"We understand that people are frustrated about Brexit," said Hill. "But they've also got to remember Hartlepool is in the situation it's in because of 10 years of Conservative Party austerity measures. We've been battered and battered and battered again by the Tories."
Hartlepool has been on a long path of decline over the past 40 years, starting with the loss of the shipbuilding industry and the more recent hit taken by the steel industry — considered one of the "major success stories" and a source of pride, said Sacha Bedding, who manages a charity called The Annexe in one of Hartlepool's most downtrodden neighbourhoods.
It has left in its wake a sadness, he said, a loss of the town's sense of self.
Today there are seven food banks in a town that has one of the highest unemployment rates in the country.
Many here associate Hartlepool's decline as an industrial powerhouse with EU competition policies prohibiting state-aid.
But its official designation as one of the U.K.'s most deprived areas entitles it to EU aid — and, in fact, the northeast receives twice the amount of EU funding as other parts of England. Few people know about that, and so the European Union remains a target of many people's ire.
WATCH | 'No one seems to know what's going on': Young Britons frustrated with Brexit confusion:
'Getting nothing' out of EU
"Because we're getting nothing out of it. Were putting the most money in and we're getting nothing out of it," said Pat Abbey, one of the patrons of a bingo night at Ye Olde Durhams Social Club.
Like Steve on the seawall, she too used to vote Labour. Not anymore.
"Labour was labour then, wasn't it? They used to help you, be for the working man," Abbey said. "But now they're just out for themselves. They don't care about the people."
Abbey said she'll vote for the Conservative Party because she likes Johnson.
But it's not a given that Labour will fall. The Conservatives adopted the same strategy toward Labour ridings in the north in 2017 and failed to break through the generational connections that can still play a big part in voting patterns.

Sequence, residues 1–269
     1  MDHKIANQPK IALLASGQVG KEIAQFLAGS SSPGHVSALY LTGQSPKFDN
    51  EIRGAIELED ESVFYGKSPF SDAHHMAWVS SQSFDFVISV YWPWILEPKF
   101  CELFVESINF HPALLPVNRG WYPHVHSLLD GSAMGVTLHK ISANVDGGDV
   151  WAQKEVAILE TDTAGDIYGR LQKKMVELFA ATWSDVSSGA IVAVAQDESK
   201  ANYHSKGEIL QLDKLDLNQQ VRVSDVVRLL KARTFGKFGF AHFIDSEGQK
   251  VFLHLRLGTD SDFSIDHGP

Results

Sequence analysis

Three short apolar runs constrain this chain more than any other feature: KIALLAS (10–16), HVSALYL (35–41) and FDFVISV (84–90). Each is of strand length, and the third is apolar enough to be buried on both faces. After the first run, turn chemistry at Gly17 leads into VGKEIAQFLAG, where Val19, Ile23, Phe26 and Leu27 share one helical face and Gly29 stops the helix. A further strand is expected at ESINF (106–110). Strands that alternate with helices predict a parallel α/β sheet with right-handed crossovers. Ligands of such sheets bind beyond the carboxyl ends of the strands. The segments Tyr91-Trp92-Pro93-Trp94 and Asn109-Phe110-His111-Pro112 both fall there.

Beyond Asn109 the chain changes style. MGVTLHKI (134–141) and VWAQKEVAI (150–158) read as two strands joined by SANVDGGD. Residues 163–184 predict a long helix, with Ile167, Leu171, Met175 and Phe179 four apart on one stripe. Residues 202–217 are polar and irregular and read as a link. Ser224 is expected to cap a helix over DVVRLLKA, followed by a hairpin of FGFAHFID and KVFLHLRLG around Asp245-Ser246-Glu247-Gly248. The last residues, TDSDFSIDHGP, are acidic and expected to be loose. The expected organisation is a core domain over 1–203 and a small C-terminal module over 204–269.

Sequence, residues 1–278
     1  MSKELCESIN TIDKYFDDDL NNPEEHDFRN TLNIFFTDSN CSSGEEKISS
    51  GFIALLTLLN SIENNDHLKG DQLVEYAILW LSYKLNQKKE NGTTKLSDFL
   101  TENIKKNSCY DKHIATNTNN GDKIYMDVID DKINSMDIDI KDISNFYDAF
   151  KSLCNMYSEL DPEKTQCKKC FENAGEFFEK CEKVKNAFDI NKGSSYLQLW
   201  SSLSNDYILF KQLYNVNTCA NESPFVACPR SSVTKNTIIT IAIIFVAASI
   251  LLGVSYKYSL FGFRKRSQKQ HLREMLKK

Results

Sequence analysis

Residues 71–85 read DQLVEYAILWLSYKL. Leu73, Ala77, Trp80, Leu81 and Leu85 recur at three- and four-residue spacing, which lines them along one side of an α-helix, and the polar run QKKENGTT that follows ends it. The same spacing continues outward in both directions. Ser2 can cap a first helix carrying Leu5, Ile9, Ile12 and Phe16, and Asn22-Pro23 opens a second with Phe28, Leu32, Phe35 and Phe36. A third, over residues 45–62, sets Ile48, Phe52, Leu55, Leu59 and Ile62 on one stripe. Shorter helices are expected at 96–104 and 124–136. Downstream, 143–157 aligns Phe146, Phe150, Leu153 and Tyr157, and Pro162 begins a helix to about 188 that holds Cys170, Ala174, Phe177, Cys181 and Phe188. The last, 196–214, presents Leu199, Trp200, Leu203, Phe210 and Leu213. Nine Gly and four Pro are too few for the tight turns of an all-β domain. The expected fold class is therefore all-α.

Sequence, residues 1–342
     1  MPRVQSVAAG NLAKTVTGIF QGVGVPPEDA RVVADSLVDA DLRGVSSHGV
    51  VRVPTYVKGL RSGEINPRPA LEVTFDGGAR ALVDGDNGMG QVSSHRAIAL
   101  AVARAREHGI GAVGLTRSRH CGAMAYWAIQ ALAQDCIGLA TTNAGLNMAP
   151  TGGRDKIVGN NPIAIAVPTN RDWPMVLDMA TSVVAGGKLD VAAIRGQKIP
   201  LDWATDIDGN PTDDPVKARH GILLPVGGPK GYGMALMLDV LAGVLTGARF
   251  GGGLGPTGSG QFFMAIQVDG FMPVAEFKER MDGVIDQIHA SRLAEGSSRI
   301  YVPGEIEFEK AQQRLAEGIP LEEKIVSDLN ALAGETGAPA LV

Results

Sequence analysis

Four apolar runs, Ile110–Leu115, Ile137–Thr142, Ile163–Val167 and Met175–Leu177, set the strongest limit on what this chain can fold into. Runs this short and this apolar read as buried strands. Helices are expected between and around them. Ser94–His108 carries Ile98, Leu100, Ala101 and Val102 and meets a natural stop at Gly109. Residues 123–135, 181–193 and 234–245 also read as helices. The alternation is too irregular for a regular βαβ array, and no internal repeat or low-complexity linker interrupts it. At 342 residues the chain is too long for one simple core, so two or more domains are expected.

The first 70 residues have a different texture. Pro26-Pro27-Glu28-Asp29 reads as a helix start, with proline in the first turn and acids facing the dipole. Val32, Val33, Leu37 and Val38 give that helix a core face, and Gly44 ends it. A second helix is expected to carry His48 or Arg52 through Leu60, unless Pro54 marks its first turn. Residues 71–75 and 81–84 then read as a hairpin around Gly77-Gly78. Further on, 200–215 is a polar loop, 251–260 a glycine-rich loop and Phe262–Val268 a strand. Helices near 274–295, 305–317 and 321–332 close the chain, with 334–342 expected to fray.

Johnson's predecessor Theresa May wound up with a hung Parliament.
There are some too, like bingo-goer, Rita Kelly, who say they are so disaffected by the choices in front of them that they will vote for no one.
"Women have suffered and died for the vote for women, and I feel very guilty that I'm not using my vote at the moment. But, on the other hand, I'm very careful about where I give my loyalties — and this lot don't get it."
Bedding believes it is important for people here to believe that their vote counted in the referendum. He also says it is a message not just for the European Union but for anyone who will listen.
"For the last 40 years we've had an irrelevant class in this country. So towns like Hartlepool and others in the north, and other parts of the country as well, have been politically irrelevant. And I think that they're only relevant now because of the way the EU referendum went."
And because now their votes are needed again.
LISTEN | CBC's Margaret Evans talks to voters in London and Hartlepool about the options they are weighing in this election and how Brexit is factoring in their vote: